Niger Delta red Colobus monkey: Found in Southern Nigeria, it was originally considered a subspecies of the western red colobus, then considered a subspecies of Pennants red colobus. There are only thought to be 50 left. Below is a 4 minute video from its habitat which shows it in the wild – makes me want to be there.

Pennants colobus monkey: 

Preuss red colobus monkey: 

Tholon (or Tshuapa) red colobus monkey: 

Western red colobus monkey: 

Zanzibar red colobus monkey: Found on the southern half of the main island of the Zanzibar archipelago (Unguja), it is also known as the Kirk redo colobus, after the discoverer. Classified as endangered in the mid 1990s, its population is still decreasing. It is believed to have been isolated when sea levels rose after the last ice age – however, as with other species trapped like this, they can evolve fast. Genetic analysis suggests a split 600,000 years ago.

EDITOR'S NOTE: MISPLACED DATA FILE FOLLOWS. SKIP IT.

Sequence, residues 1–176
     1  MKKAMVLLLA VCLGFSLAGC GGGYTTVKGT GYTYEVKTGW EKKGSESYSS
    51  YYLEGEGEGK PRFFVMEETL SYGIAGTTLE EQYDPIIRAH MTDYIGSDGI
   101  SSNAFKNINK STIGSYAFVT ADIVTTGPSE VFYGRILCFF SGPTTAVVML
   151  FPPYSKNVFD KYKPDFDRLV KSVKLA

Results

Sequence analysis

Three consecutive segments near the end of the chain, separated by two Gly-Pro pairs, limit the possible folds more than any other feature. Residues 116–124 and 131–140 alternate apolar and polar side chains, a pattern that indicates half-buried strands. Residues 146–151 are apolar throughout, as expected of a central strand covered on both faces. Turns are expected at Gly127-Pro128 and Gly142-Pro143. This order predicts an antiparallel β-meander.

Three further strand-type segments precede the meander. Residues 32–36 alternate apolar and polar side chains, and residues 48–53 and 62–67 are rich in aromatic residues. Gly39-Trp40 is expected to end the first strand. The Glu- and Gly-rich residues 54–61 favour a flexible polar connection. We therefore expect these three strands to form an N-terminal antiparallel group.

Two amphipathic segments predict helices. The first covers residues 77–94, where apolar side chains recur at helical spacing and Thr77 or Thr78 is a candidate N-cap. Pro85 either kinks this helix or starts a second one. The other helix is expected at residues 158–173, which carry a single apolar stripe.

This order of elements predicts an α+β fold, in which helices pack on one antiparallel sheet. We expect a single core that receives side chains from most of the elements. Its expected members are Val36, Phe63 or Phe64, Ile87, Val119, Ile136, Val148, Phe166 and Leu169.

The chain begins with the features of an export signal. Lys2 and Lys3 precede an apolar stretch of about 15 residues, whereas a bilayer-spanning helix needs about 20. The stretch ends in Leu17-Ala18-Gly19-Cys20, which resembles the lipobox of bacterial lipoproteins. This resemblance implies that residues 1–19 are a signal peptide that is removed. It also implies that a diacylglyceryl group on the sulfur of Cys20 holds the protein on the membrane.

The local word for it means poison monkey, due to its bad smell, this has lead to some targeting. 1600-3000 survive, with about half in protected areas.

Udzungwa red colobus monkey: (other names include the Uzungwa red colobus or Iringa red colobus) It is endemic to riverine and montane forest in the Udzungwa Mountains in Kilolo District of Iringa Region in Tanzania. It is threatened by habitat loss, though most of the land it is found on is protected (90% falls within the Udzungwa national park, I have seen one while visiting). Of course the problem with this, is that its range is not large, so it can never have a large population. 

The current population is roughly 15,400. The IUCN ranks this species as endangered